im·passe | \ˈim-ˌpas, im-ˈpas\

Definition of impasse 

1a : a predicament affording no obvious escape

b : deadlock

2 : an impassable road or way : cul-de-sac

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Examples of impasse in a Sentence

The players are poised to strike after Thursday's games because they believe, with good reason, that if no agreement is reached by the end of the post-season, the owners will declare an impasse — Murray Chass, New York Times, 9 Aug. 1994 We seem to have been forced into an impasse. We need to understand why space-time singularities have the structures that they appear to have; but space-time singularities are regions where our understanding of physics has reached its limits. — Roger Penrose, The Emperor's New Mind, 1989 I think the civil rights movement in its early and middle years offered the best way out of America's racial impasse: in this society, race must not be a source of advantage or disadvantage for anyone. — Shelby Steele, Harper's, June 1988 An arbitrator was called in to break the impasse. She had reached an impasse in her career.
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Recent Examples on the Web

Secretary Kirstjen Nielsen and other top Department of Homeland Security officials have repeatedly insisted that the country’s immigration impasse requires urgent legislative attention. Devlin Barrett, Mike Debonis, Washington Post, "Congress, courts stymie Trump border crackdown," 27 June 2018 Senate Republicans left their standing luncheon Tuesday vowing to find some way around an immigration impasse created, defended and leveraged by Trump. Time, "President Trump Is Making It Harder for Congress to Stop Family Separations," 19 June 2018 Lastly, when negotiations over a specific piece of land or project reach an impasse, the act needs to provide a way forward that fosters species recovery. Peter S. Alagona, Outside Online, "The Endangered Species Act Needs a Reboot," 9 July 2018 Without the required support of four-fifths of the EU’s countries even to get to an earlier stage of condemnation, the procedure has reached an impasse. The Economist, "Poland’s government sacks a third of its Supreme Court," 5 July 2018 That split—between those who eager to look tough on immigration and those who are vulnerable on the issue—is one of the many driving forces behind the current impasse in the House. Maya Rhodan, Time, "Republicans Avoided a Revolt on Immigration. But the Fighting Isn’t Over," 7 June 2018 On Saturday, the Gloucester Meetinghouse Foundation will hold a four-hour symposium focused on gun violence, the Second Amendment, and the current impasse in addressing the problem. Leslie Anderson,, "Bay State Bike Week in full swing," 13 May 2018 The White House has sought to blame Democrats for the impasse, with officials stressing their openness to a deal. Kathleen Hunter,, "Dreamer Deadlock Energizes Democrats' Midterm Bid," 2 Apr. 2018 The Toffees are reportedly willing to offer higher wages than the Gunners, who have hit something of an impasse in negotiations to renew the England international's deal., "Everton Ready to Gazump Arsenal Contract Offer to Land England Midfielder This Summer," 14 Mar. 2018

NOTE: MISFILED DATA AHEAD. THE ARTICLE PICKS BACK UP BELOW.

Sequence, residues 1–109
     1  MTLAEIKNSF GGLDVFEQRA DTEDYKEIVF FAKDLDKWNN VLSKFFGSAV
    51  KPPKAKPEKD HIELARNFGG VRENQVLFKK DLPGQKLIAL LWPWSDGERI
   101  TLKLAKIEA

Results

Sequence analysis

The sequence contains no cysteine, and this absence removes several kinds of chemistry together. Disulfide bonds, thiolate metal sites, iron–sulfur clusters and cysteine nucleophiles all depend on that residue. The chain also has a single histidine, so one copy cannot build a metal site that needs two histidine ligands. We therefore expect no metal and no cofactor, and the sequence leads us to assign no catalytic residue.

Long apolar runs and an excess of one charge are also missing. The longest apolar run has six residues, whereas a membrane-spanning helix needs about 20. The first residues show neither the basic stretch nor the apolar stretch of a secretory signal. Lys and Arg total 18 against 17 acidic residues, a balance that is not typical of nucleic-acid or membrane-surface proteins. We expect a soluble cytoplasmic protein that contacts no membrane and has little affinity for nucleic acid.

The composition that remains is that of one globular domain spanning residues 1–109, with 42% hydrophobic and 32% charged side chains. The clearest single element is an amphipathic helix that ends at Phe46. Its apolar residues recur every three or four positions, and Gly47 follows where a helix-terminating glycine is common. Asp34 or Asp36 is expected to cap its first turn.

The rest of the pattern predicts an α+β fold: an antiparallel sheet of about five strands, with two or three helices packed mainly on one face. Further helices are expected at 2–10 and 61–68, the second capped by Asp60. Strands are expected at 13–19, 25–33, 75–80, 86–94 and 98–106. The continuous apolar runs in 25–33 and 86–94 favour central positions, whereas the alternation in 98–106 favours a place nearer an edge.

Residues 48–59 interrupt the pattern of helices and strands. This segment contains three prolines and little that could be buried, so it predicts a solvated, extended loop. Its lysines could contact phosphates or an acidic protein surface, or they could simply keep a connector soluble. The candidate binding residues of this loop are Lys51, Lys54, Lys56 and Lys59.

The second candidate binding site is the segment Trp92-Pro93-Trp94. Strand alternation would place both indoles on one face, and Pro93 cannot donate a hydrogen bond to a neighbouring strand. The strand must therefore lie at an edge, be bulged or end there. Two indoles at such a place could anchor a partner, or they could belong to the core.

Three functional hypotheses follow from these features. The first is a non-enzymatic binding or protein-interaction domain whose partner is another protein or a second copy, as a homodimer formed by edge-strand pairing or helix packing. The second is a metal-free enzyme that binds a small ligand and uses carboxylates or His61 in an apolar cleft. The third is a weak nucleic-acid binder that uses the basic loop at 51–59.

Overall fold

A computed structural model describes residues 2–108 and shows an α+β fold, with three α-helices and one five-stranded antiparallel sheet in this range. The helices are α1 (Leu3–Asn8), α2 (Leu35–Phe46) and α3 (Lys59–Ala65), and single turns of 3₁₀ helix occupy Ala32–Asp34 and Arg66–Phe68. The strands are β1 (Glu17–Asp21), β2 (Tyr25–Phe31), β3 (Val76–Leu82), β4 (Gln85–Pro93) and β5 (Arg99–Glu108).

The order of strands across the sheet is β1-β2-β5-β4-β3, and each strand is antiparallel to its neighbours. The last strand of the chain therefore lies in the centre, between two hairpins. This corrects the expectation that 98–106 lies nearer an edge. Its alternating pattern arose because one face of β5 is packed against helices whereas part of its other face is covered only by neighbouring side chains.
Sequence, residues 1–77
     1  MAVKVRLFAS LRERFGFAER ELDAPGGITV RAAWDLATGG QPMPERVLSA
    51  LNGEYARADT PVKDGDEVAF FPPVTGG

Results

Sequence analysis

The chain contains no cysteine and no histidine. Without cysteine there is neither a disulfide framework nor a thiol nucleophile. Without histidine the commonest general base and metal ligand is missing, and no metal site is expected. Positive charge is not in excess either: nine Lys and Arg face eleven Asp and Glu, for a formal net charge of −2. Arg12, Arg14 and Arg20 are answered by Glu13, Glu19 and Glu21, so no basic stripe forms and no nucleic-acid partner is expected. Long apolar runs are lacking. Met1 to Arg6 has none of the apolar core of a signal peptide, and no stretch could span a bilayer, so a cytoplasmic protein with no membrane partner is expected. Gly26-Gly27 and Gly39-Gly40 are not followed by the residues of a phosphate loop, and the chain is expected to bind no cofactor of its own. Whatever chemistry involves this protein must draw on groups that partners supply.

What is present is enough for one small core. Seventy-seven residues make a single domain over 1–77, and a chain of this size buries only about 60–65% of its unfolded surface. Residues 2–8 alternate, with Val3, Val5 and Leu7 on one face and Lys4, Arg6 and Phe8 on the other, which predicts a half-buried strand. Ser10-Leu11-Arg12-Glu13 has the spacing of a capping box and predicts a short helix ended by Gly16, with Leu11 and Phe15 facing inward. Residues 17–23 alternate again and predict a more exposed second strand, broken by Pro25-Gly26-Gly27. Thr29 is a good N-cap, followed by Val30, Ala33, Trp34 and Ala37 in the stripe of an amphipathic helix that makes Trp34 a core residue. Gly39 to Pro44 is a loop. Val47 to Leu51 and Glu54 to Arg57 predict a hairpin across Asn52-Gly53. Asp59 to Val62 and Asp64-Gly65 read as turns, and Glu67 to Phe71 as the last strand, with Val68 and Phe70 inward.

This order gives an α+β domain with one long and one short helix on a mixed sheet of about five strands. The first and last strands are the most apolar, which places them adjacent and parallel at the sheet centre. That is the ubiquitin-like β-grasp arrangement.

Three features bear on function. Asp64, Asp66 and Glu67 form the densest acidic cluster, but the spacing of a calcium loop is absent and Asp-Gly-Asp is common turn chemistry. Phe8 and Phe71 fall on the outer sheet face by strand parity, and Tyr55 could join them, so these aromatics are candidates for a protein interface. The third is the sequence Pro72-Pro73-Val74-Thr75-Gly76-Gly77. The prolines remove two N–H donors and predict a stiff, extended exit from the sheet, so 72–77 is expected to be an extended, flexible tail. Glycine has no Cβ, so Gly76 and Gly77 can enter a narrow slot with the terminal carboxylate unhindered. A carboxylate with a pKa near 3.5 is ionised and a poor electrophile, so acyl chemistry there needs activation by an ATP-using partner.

These example sentences are selected automatically from various online news sources to reflect current usage of the word 'impasse.' Views expressed in the examples do not represent the opinion of Merriam-Webster or its editors. Send us feedback.

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First Known Use of impasse

1851, in the meaning defined at sense 1a

History and Etymology for impasse

French, from in- + passer to pass

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Statistics for impasse

Last Updated

10 Oct 2018

Look-up Popularity

Time Traveler for impasse

The first known use of impasse was in 1851

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More Definitions for impasse



English Language Learners Definition of impasse

: a situation in which no progress seems possible


im·passe | \ˈim-ˌpas, im-ˈpas \

Legal Definition of impasse 

: a point in especially labor negotiations at which reaching an agreement is impossible because neither party is willing to compromise or change position

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Comments on impasse

What made you want to look up impasse? Please tell us where you read or heard it (including the quote, if possible).


to reject or criticize sharply

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